Jane Kennedy: The Department has set up specialist, targeted support (improvement teams) to reinforce those initiatives already in place throughout the national health service, which aim to reduce health care associated infections.
The teams will work with trusts that are furthest away from their Methicillin resistant Staphlococcus aureus (MRSA) reduction target. Work has begun with
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three trusts that were first to volunteer to pilot the support programmeSandwell and West Birmingham, Northumbria, and Aintree NHS Trusts. The teams will move on to support up to 17 further trusts during 200607. Selection will depend on progress towards the MRSA target and other factors. We will announce the additional trusts to join the programme at stages in 2006.
The teams comprise; a programme manager, programme analyst, infection control practitioner and specialist director for infection and prevention control/microbiologist. Staff will be remunerated through contractual arrangements with the Department.
The cost of the overall programme of support depends upon the level and complexity of the NHS's support requirements and these are presently being calculatedbased upon the outcome of the teams' diagnostic work with the three pilot sites. The Department will have calculated the likely cost of support teams by the end of the current financial year.
The objective is to assist trusts in diagnosing those issues which prevent reduction in infections and to develop practical action plans that speed-up progress. The teams will help trusts deliver such plans and put in place management/support arrangements that facilitate sustained improvement.
Chris Ruane: To ask the Secretary of State for Health what was the total research budget for developing research into medicines and treatment for (a) MRSA and (b) other hospital acquired infections, in each of the past 10 years.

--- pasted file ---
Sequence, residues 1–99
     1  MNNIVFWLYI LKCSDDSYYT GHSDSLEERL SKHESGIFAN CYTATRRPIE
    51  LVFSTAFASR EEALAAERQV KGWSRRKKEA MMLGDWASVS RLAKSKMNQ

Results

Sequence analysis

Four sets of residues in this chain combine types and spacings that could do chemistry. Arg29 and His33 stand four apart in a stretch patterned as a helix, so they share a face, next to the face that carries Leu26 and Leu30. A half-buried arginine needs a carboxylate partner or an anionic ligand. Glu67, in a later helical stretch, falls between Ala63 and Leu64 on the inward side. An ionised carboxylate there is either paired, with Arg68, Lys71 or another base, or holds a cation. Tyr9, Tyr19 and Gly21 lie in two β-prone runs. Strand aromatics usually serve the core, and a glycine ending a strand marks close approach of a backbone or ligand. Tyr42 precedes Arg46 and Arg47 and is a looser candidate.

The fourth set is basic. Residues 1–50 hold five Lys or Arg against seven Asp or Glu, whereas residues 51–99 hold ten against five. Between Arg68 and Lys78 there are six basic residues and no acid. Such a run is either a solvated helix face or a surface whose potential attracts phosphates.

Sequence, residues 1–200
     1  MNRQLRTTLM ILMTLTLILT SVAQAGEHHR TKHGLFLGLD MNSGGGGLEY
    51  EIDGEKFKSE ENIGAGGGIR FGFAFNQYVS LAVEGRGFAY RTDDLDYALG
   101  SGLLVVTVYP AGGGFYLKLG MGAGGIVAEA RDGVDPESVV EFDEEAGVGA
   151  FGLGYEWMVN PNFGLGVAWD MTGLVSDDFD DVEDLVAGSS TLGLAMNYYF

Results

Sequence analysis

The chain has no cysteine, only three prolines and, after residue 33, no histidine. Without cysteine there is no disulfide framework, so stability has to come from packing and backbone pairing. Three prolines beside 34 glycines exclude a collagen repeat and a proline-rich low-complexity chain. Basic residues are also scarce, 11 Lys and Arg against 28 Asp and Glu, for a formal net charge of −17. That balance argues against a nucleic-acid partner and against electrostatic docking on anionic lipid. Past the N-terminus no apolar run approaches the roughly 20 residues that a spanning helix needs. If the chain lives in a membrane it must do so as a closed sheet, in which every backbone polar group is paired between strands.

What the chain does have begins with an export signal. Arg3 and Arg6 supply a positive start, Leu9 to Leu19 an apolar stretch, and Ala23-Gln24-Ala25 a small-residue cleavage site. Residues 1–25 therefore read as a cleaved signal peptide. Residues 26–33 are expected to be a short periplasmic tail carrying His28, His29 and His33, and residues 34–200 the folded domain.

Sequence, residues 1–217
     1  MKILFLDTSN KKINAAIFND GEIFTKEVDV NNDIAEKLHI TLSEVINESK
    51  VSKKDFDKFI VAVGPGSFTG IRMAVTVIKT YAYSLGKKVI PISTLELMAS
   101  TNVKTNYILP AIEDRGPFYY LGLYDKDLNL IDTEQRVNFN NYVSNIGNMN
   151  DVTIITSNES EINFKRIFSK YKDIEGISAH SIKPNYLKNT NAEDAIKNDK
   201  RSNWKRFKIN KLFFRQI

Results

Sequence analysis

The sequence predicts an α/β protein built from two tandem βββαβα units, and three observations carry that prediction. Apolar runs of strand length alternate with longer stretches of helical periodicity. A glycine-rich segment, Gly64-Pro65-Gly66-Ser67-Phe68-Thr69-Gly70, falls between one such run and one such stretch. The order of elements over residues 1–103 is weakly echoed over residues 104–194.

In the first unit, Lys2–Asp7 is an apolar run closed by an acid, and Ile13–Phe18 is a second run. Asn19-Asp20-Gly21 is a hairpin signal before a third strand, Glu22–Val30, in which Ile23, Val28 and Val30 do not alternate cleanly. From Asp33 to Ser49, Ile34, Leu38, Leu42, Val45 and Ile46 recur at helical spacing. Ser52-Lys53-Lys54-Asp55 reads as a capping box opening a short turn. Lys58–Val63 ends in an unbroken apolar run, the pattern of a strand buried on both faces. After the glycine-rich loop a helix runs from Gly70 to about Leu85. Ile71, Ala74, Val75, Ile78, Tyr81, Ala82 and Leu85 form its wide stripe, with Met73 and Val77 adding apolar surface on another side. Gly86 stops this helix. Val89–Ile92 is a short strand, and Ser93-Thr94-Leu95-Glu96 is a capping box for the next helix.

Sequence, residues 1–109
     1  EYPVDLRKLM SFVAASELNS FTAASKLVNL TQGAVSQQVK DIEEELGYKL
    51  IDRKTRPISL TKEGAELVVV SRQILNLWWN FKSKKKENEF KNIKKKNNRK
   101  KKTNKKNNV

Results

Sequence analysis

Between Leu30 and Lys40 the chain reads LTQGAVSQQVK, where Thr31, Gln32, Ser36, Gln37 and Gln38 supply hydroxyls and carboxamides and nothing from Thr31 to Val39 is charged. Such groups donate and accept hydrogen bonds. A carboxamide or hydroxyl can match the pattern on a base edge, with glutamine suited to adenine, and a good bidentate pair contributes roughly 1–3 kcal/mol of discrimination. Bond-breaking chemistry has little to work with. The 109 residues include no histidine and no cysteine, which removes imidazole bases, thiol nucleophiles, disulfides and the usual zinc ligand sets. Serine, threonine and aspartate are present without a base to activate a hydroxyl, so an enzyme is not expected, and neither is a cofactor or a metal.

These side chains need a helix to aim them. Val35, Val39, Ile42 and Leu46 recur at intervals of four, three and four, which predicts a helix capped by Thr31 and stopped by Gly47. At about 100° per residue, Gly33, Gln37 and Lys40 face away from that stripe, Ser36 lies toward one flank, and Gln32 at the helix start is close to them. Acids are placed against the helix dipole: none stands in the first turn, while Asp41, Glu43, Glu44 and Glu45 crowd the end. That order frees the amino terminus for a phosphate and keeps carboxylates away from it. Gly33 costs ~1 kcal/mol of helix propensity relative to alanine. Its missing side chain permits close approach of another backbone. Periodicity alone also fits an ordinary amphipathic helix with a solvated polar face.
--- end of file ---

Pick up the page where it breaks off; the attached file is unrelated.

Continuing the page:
Jane Kennedy: The main agency through which the Government supports medical and clinical research is the Medical Research Council (MRC). The MRC is an independent body funded by the Department of Trade and Industry via the Office of Science and Technology. Much of the funding for new drug development is provided by the pharmaceutical industry.
The MRC funds a considerable programme of research that underpins scientific understanding of hospital acquired infections including methicillin-resistant Staphylococcus aureus (MRSA) and other antibiotic resistant pathogens. Within this portfolio there are currently no studies exclusive to MRSA.
The Department has for some years recognised the importance of the control of hospital acquired infection, and the threat to public health posed by the increase in antimicrobial resistance. As part of a wide-ranging approach to these issues, the Department set up an advisory group to identify research priorities in 1999. The group's report, published in 2001, made recommendations for future research that led to a research programme that is currently underway.
In 2003, the Department published Winning Waysworking together to reduce healthcare associated infection in England", a report that laid out a strategic approach to dealing with health care associated infections, including recommendations for further research. The report placed particular emphasis on activity aimed at preventing the occurrence and spread of infection.